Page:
Hinz v Berry – 1970

March 05, 2024
Micheal James

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The landmark case of Hinz v Berry (1970) significantly impacted the landscape of tort law concerning negligence and recoverable damages. It addressed the controversial issue of whether a bystander who witnesses an accident but suffers no physical injury can claim compensation for psychiatric illness (nervous shock). The court’s decision expanded the scope of recoverable damages, paving the way for future claims based on purely psychological harm.

Facts of the Case

While on a family outing, the Hinz family’s parked car was struck by Mr. Berry’s vehicle. Witnessing the accident unfold, Mrs. Hinz watched helplessly as her husband perished and her children sustained injuries. Though physically unharmed herself, Mrs. Hinz developed severe and lasting depression diagnosed as “morbid depression.” Seeking compensation for her psychological suffering, she brought a claim against Mr. Berry for negligence.

Legal Issue(s)

The central legal question was whether Mrs. Hinz, as a bystander without physical injury, could recover damages for the nervous shock-induced depression. Key considerations included:

  • Did the “direct witnessing” requirement for bystander claims apply in this case?
  • Was the type and severity of Mrs. Hinz’s psychiatric illness recognized as compensable harm?
  • Did the close familial relationship to the accident victims play a role in determining eligibility for damages?


The Court of Appeal found in favor of Mrs. Hinz, allowing her to claim damages for her nervous shock. Their reasoning hinged on several points:

  • The “direct witnessing” requirement was fulfilled as Mrs. Hinz saw the accident unfold at close proximity.
  • The court recognized “morbid depression” as a medically recognized psychiatric illness, fulfilling the criteria for compensable harm.
  • The close familial relationship between Mrs. Hinz and the accident victims was deemed sufficient to establish the necessary proximity for awarding damages.

Ratio Decidendi

This case established a crucial legal principle: a bystander who witnesses an accident and suffers a medically recognized psychiatric illness as a direct result can claim damages for nervous shock, even without physical injury. The court emphasized the need for a close relationship between the bystander and the accident victims to limit potential liability.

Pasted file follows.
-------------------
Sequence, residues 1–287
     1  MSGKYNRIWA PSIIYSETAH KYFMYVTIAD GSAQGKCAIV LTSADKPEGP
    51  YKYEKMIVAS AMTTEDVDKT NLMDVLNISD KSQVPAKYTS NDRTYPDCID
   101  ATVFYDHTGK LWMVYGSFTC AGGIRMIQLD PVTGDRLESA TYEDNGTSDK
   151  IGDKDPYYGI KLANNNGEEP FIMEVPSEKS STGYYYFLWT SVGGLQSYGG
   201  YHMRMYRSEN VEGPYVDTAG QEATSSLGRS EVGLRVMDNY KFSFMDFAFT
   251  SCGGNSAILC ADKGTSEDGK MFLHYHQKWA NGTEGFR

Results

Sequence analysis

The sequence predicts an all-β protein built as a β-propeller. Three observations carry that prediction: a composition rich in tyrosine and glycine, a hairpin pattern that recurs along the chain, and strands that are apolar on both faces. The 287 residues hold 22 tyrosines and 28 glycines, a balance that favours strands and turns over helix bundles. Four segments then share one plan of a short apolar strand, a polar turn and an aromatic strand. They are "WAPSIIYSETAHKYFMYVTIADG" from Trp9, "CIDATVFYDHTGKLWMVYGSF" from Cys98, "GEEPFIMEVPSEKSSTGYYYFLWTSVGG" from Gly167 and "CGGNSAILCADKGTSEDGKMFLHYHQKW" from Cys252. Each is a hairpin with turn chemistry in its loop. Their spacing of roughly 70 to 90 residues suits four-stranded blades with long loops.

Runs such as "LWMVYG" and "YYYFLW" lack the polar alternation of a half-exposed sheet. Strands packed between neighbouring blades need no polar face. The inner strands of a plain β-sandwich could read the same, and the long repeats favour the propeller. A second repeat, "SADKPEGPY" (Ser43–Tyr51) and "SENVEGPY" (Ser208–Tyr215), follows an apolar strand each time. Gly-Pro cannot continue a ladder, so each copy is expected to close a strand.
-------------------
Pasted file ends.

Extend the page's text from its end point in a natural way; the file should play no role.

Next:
Obiter Dicta

While the court provided clear guidelines for bystander claims based on nervous shock, some judges expressed concerns about potential future expansions of liability and the difficulty in drawing clear lines.

Impact and Significance

Hinz v Berry significantly impacted tort law by:

  • Establishing a precedent for bystander claims based on purely psychological harm.
  • Broadening the scope of recoverable damages in negligence cases.
  • Highlighting the importance of recognizing medically recognized psychiatric illnesses.

The case has been influential in subsequent judgments but also attracted criticisms regarding potential abuse and difficulties in assessing genuine claims. Nonetheless, it remains a cornerstone in recognizing compensable psychological harm stemming from witnessed traumatic events.


Hinz v Berry marked a turning point in negligence law, paving the way for bystander claims based on nervous shock. While subsequent developments have refined the specific requirements, the case’s core principle of recognizing and compensating genuine psychological harm suffered due to witnessed trauma continues to hold significant legal and social relevance.

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<ref>{{cite web|last=Tutor |first=MyLaw |url=https://www.mylawtutor.net/cases/hinz-v-berry-1970 |title=Hinz v Berry – 1970 |publisher=MyLawTutor.net |date=September 2012 |accessdate=17 April 2024 |location=UK, USA}}</ref>

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